Xiantao Li

Department of Mathematics

Penn State University

Molecular dynamics (MD), which uses Newton's equation to describe the motion of atoms/molecules, has been an important simulation tool to study crystalline structure and defect dynamics from the atomic scale. The typical time scale of such simulation is at femtoseconds (10^{-15} second), and the inter-atomic spacing is usually at the scale of angstroms (10^{-10} meter).

Because of the small time/length scale, MD simulations have to be conducted on a small system truncated from a much larger sample to make the overall computation tractable. As a result, artificial boundaries are introduced, where boundary conditions have to be imposed. The role of the boundary condition is to take in account the atoms that have been removed from the system and therefore reduce the finite size effect. In particular, the purpose of the imposed boundary conditions is to,

a. suppress the wave reflection at the boundary,

b. maintain the external loading,

c. bring the system to thermal equilibrium.

I will first present a systematic approach for finding boundary conditions at zero temperature. This approach is based on a variational formulation that aims to minimize the total reflection. Local boundary conditions, which are efficient for practical applications, are obtained from this formulation.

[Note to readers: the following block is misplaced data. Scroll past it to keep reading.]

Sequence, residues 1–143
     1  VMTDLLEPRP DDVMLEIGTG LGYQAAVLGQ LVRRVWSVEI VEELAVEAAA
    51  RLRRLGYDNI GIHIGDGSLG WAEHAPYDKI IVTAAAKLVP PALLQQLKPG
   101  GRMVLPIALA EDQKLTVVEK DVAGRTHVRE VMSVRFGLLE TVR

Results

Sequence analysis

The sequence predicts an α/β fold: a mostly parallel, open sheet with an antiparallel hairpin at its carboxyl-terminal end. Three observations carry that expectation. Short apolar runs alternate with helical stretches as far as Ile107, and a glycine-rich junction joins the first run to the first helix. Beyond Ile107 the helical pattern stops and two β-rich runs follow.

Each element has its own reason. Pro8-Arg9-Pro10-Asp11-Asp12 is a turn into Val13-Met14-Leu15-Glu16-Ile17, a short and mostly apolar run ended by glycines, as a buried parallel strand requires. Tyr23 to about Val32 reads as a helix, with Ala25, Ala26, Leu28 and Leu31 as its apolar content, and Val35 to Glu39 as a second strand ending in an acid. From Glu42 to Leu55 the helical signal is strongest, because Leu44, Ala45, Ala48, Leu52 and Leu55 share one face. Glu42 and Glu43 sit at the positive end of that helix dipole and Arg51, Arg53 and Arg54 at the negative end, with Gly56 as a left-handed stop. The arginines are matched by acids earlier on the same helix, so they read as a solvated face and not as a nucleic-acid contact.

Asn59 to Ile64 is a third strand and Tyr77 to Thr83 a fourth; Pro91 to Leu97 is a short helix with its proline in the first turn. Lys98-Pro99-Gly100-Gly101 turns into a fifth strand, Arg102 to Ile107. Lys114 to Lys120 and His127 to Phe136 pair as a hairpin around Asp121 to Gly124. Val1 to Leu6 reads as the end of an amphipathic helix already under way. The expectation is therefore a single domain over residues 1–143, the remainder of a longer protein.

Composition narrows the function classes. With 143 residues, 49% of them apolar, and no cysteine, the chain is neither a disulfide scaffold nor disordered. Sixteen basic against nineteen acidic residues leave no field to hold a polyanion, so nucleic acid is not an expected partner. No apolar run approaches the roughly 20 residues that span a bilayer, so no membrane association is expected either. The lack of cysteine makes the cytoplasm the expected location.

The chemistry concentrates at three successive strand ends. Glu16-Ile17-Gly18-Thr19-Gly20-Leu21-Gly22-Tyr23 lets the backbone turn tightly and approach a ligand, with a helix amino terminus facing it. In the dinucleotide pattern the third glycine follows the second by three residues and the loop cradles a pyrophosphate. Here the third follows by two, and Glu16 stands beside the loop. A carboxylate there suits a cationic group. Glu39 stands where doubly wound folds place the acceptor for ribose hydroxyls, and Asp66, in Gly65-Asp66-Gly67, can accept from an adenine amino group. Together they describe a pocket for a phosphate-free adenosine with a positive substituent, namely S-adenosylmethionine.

I will then discuss how to extend these boundary conditions to finite temperature to simulate a system surround by an infinite heat reservoir at thermal equilibrium. The extension relies on a Generalized Langevin equation (GLE) formulation. The boundary conditions for the zero temperature case will serve as the memory kernel in the GLE, and provide the time correlation of the thermal noise to respect the second fluctuation-dissipation theorem.

Fracture simulations in Iron-alpha and Aluminum will be presented as applications of these boundary conditions.